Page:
Mélanie Boucarut changed her life through coaching. It helped her to fix her relationship with her estranged mother, lose 22 kilos, save a bunch of money, find a loving partner and improve her mental health.
And all this took just 2.5 years.
That’s how long Mélanie has been a life coach for, but she’s also coached and mentored informally as part of her job or on the side for two decades. And it’s what she loves to do.
“Don’t tell this to my clients, but I would pay for the privilege to coach!” Mélanie told me. “The moment when people suddenly realise what has been blocking them, limiting them and when they manage to get over it – I love to be part of that.
“It’s a little bit like being a midwife, you know. I’ve never delivered a baby, but I imagine it’s a little bit the same when you finally get the head out and the baby starts crying and you have this new life and it’s beautiful.”
I specifically wanted to speak with Mélanie for my podcast about all this because I knew that we could go dig deep into the topic – without any bullshit – and discover exactly how coaching can help us step out of our own way.
But first, let’s dive into her definition of coaching:
Whether it’s finding love or losing a few kilos, the only way to reach your goal is to take action until you succeed, according to Mélanie.
“But in order to take action, you need to fuel this action with feelings. You need determination, creativity, curiosity, motivation and courage,” she says. “We all believe that our feelings pop up in our body because of whatever situation we’re in. We think that we look outside the window and it’s beautiful weather so we feel happy, or it’s raining so we feel sad. But that’s not the way it works. Between the situation and our feelings, there’s always a thought. And if you’re able to notice what you’re thinking about a situation, then you can change it if it’s not helping. You can create a mindset that helps you get to your goal.”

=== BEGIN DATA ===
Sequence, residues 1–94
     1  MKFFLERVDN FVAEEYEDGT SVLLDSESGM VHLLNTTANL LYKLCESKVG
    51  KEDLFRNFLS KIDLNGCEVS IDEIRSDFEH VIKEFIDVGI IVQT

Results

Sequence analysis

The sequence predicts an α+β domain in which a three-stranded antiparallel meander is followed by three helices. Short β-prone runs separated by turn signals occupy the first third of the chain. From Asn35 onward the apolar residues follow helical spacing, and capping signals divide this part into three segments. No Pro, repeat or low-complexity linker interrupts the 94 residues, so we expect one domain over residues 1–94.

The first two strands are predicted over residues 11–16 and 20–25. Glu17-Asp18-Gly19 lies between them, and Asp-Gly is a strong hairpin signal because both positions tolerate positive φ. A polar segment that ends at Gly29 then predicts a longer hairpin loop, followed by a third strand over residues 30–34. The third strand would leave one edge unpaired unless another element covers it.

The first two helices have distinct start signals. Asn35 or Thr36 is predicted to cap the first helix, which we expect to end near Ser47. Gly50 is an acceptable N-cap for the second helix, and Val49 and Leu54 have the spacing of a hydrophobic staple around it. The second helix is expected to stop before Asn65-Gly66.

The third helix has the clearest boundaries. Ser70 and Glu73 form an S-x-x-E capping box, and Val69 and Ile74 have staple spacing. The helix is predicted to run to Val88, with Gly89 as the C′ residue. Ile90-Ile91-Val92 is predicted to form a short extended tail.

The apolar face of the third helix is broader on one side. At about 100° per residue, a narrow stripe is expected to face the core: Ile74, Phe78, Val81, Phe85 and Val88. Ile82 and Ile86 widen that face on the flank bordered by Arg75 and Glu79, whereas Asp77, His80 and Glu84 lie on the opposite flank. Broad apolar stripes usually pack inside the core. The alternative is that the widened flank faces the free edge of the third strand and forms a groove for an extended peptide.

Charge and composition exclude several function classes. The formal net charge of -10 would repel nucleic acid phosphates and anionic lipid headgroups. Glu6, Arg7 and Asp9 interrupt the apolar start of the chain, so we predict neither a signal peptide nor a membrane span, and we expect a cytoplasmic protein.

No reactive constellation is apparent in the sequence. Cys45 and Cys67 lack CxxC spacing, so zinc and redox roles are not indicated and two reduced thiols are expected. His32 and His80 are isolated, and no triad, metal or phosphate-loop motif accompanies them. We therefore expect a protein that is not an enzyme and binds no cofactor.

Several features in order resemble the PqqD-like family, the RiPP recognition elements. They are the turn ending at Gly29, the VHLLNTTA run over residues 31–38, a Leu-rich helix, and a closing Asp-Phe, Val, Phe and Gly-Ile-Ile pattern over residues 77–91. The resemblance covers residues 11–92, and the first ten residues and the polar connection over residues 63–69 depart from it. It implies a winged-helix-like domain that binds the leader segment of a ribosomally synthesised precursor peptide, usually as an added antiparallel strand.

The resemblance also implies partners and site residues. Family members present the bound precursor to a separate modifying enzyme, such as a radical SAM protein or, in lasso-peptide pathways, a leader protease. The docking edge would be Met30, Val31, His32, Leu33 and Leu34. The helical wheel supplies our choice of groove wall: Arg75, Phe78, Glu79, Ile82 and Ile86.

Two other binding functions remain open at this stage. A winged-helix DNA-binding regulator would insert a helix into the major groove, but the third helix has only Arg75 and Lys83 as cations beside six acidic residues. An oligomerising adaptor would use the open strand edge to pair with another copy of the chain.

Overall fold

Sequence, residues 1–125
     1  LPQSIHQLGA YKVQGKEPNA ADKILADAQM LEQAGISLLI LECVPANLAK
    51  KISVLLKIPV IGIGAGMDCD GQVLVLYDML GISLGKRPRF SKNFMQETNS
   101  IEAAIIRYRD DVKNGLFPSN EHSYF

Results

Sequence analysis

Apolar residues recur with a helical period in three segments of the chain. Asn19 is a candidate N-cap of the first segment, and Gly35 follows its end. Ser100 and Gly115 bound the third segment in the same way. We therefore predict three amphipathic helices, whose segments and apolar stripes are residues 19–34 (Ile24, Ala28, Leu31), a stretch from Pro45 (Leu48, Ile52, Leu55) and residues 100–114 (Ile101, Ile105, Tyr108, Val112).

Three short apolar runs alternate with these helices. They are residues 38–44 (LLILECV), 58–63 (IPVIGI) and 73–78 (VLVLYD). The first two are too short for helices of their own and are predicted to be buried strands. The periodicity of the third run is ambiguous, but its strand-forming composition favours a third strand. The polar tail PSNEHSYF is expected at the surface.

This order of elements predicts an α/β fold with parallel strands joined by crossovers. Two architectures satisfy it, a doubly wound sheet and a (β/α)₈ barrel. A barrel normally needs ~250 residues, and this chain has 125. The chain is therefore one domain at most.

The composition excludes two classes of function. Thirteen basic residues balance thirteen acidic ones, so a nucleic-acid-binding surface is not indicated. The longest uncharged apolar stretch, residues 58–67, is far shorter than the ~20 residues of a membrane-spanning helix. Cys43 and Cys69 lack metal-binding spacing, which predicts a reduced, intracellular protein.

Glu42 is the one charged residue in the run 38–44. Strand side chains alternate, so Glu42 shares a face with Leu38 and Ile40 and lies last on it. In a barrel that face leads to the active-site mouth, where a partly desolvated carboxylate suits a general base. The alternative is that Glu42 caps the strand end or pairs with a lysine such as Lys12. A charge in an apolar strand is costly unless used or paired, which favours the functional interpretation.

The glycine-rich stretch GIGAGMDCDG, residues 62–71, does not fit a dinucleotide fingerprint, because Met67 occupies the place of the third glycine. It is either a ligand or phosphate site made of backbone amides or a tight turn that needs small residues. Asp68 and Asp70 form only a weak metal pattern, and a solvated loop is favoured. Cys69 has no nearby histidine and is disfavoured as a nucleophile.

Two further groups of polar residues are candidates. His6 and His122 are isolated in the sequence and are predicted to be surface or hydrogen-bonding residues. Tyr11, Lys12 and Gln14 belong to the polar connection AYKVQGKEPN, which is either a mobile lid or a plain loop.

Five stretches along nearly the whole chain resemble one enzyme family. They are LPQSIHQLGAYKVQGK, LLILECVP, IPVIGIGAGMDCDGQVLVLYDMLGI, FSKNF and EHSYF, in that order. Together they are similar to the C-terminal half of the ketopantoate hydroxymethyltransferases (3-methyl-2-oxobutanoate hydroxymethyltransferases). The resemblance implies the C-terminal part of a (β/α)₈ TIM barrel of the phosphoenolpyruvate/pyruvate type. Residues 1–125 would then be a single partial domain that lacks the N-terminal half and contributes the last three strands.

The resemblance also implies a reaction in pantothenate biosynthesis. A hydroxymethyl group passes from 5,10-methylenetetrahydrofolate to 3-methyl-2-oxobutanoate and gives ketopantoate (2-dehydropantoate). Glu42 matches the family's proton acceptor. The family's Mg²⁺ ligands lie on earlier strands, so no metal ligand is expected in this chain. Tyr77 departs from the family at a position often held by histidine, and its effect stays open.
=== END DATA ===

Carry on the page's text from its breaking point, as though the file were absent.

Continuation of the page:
Because it’s so difficult to look into your own mind. It’s not impossible – you can absolutely self-coach once you have the techniques down, Mélanie believes – but it’s much harder to do it alone.
“This is what I teach my clients: how to coach themselves. But if you want to go further and deeper, it’s so much easier if you have somebody who, from time to time, will help you. I would never be where I am today without having coaches behind me,” Mélanie says.
The main skill of a coach is to help you frame the problem in a way that will help you find a solution, according to Mélanie.
Very often, what happens is that we describe the problem to ourselves in a way that prevents us from seeing the solutions. And so the job of a coach is to help you reframe the problem in a way that makes the solution appear. Because once you know what the real issue is, it’s much easier to go about fixing it. And Mélanie has tons of tools to help her clients to look at the situation in finer detail.
But she never tells them what they should do.
“I could never be as creative as they will be in this situation,” Mélanie says. “But I make sure that they are fully equipped to understand the situation.
“Imagine that you’re the world’s best brain surgeon but you only have a butcher’s knife. It doesn’t matter how successful you’ve been before at operating on brains. If you just have a butcher’s knife, you’re not going to be able to be as good as you have been. So what I do is delicately remove the butcher’s knife from your hand. Then I give you a huge array of tools and tell you, ‘this tool is for this specific thing, this tool is for that specific thing’. Next, I guide you in picking the right tool, like a nurse sending tools to the surgeon, but then you’re the one operating on your own brain.”
Mélanie customises the process for every single person she works with, because every single person is unique. But the main steps are always essentially the same.
The first step is to understand what you’re thinking about your situation. So, for example, if you’re going to speak in public and are terrified, take a piece of paper and write down everything you think about that. Maybe you think you don’t have enough time to prepare, that people will laugh at you or that you’re not a good enough expert?
Write whatever comes to mind. That’s the way to get awareness.
The second step is to look at what you’ve written down and assess the feelings created by these thoughts.
Next, understand how to prepare for the situation. You’ll likely spend a lot of time in your mind imagining all the ways that it’s going to be a disaster, but this stops you from actually preparing yourself in the best way. You’re not going to take all the steps you know you could take because of the fear.
The next step is that, once you understand what you’re doing because of that feeling – and what you’re not doing – is to change your thoughts by reframing or finding a different angle. A coach will help you do that very, very quickly.
So, now we know what coaching is, here are some of the myths around the practice that Mélanie wanted to debunk.